Recent studies found a gap between education for entrepreneurship and knowledge transfer, because in universities, commercialisation of technology occurs in controlled environments and its development beyond this context to commercialise viable innovations to market-fit products is not always supported.

Students and researchers are usually highly interested in working with industrial colleagues. It is the institutional environment that hinders them from doing so more effectively.

“We are supporting a push approach for innovation, where students have ideas and try to find a need for them, in addition to a pull approach, where we bring together industry players with students and startups to create a transdisciplinary team, bringing different perspectives to come up with solutions to actual challenges,” says Nihel Chabrak, CEO at the UAE University’s (UAEU) Science and Innovation Park (SIP).

SIP aims to create a pipeline through competitions to come up with ideas that can be transformed into products they can then bring to market.

Through SIP, UAEU offers startups pilot opportunities in-house where possible. “This is a way for them to go to market in a very friendly environment, and a chance for us to test and see if the solution fits,” explains Chabrak.

Covid-19 Response

As startups and small to medium-sized enterprises (SME) have been seeing their businesses heavily impacted by the measures taken to stop the spread of Covid-19 worldwide, higher education institutions’ innovation and entrepreneurship arms are doing their part to support the ecosystem.

In addition to transitioning its current programmes online and making plans to support its community virtually post-Covid-19, startAD, in association with VentureSouq and Scalable CFO, has launched ‘Runway Grants’ totalling $30,000 that will be awarded to startup alumni in the UAE that have been exceptionally impacted by Covid-19.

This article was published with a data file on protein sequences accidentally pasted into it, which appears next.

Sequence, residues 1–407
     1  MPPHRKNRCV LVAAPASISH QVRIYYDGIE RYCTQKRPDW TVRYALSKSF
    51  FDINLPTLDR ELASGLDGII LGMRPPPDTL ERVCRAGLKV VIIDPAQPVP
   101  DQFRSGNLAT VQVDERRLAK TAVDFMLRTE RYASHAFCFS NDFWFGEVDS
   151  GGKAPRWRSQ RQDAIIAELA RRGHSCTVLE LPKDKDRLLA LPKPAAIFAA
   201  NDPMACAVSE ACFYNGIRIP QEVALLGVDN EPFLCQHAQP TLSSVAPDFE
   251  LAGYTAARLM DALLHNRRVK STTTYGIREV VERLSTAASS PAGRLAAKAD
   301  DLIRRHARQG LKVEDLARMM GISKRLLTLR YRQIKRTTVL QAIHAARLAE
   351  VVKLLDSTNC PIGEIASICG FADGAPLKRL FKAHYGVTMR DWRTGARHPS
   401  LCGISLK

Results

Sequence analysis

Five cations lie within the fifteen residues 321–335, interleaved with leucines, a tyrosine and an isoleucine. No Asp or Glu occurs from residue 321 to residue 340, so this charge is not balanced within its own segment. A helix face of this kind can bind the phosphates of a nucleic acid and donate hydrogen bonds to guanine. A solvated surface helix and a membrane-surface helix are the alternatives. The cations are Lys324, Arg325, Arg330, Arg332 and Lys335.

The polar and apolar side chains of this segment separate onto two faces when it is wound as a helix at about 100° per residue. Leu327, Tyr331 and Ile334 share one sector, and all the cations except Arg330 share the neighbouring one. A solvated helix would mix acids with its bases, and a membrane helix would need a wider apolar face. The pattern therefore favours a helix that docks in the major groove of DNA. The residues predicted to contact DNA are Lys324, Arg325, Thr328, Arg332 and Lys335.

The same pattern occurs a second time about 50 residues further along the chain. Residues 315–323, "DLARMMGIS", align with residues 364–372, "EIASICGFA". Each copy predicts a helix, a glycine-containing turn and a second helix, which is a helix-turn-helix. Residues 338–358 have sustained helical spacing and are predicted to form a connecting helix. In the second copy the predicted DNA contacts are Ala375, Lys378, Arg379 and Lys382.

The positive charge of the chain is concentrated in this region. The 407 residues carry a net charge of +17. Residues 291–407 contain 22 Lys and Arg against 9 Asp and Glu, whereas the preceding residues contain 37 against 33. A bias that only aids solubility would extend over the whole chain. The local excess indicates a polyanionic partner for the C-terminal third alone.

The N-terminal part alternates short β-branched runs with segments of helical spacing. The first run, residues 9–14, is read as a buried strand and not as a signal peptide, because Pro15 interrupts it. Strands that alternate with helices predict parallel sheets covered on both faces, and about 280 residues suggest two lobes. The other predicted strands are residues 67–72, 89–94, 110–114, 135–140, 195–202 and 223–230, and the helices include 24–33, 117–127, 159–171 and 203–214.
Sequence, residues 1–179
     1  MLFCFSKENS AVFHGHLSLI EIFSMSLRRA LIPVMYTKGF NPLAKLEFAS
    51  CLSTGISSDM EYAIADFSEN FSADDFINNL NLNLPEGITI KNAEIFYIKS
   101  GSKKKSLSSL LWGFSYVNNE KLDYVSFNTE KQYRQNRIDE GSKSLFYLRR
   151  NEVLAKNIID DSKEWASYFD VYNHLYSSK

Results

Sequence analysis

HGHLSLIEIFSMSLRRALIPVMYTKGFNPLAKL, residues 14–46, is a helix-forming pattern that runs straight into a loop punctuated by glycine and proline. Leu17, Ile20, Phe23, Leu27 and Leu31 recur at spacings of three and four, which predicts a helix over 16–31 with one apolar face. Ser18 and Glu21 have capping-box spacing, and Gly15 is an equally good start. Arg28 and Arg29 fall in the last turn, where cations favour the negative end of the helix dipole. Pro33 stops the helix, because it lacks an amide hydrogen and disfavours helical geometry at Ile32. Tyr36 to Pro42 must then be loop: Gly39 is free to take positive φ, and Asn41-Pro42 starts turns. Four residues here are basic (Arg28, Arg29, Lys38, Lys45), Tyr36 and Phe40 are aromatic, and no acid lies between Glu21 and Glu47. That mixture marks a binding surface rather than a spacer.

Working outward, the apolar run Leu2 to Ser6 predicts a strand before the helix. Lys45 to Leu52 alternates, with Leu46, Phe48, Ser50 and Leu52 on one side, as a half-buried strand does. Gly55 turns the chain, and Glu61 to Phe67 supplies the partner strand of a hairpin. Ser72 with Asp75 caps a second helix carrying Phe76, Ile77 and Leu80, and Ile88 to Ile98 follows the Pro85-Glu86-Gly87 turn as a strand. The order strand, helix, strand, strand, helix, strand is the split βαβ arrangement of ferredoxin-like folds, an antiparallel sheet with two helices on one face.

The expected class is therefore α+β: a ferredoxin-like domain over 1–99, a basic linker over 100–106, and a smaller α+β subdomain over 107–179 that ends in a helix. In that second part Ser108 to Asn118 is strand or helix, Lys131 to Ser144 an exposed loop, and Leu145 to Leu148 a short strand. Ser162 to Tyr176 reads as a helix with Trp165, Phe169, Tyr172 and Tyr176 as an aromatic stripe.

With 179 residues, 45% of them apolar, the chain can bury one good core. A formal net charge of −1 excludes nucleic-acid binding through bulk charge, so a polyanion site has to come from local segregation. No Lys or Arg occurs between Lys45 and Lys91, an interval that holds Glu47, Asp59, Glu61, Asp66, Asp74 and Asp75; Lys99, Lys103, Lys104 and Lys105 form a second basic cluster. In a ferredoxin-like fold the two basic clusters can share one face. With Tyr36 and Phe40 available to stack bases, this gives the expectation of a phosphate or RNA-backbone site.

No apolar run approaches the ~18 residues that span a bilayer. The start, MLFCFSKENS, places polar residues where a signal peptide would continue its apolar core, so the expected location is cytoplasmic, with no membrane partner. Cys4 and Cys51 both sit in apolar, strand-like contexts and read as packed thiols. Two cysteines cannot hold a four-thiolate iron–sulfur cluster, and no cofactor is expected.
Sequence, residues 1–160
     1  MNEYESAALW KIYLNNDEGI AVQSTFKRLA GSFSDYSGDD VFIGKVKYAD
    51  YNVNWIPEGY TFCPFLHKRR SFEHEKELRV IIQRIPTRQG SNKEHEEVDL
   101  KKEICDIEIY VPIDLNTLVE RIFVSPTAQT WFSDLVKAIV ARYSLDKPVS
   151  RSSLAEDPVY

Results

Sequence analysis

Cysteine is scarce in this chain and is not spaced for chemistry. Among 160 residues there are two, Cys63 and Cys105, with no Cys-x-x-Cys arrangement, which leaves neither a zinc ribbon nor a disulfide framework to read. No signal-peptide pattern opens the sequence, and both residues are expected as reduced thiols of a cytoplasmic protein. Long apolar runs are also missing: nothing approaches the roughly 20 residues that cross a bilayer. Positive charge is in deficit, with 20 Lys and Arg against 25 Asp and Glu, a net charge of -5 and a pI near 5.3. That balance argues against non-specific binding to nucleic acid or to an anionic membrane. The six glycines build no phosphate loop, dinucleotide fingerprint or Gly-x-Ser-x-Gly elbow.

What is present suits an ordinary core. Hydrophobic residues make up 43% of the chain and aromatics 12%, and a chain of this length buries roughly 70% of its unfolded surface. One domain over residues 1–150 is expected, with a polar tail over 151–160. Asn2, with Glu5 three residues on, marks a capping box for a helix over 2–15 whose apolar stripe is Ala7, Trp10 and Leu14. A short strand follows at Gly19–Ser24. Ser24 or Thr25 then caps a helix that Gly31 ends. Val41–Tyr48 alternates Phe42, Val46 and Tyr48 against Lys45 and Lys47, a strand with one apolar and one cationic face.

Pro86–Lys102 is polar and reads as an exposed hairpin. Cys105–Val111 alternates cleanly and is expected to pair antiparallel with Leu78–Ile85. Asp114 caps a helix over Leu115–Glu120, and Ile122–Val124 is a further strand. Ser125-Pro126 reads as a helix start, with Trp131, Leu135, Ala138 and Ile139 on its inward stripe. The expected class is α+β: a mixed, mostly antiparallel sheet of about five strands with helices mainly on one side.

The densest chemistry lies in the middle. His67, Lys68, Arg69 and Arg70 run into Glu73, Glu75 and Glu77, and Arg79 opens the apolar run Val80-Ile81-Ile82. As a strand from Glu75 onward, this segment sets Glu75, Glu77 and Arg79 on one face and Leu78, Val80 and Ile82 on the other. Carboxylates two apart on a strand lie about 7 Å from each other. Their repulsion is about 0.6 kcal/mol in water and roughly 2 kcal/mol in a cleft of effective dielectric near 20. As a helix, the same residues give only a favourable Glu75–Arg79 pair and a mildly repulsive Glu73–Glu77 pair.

SIP is also offering free office space for startups, in addition to intensified connection with mentors and a network of experts to work with founders on spotting opportunities amid the crisis. “Most of the startups are not able to see the opportunity, and think their solution is not working well. We try to help them pivot and find the opportunity,” says Chabrak.

SIP has also launched the Face Shield initiative with Seha and Tawazun, producing face shields for health workers. It also helped to launch a new startup called MetaTouch, which uses patented technology developed by researchers in the university to develop touchless technologies in elevators, in order to limit cross-contamination. It has been installed at Abu Dhabi International Airport and will be rolled out in all government buildings in Abu Dhabi starting in June.

For Taqadam, the programme is helping startups adapt to the new reality by providing mentorship to guide them on how to optimise team communication, focus on lead generation and pivot their business models to cater to market demand. Taqadam ran several hackathons and bootcamps that focused on how to deal with Covid-19.

“Some of the startups have been hit hard, however, some others are coping with the situation,” says Shafi. “Some of our startups are currently launching new services and product lines.”

With access to research and the tools to develop and innovate, universities have the potential to support the most necessary of innovations, but in addition to the incubators and funds, higher education institutions need to ramp up investment in technology transfer offices responsible for creating joint ventures between students and researchers and industry players, in order to promote research commercialisation. Companies and universities need to realise that working in collaborative technology research contributes to the transformation of applied research into technological innovations that can transform society.

 

Source: Beyond Incubation: Universities as agents of startup development – Wamda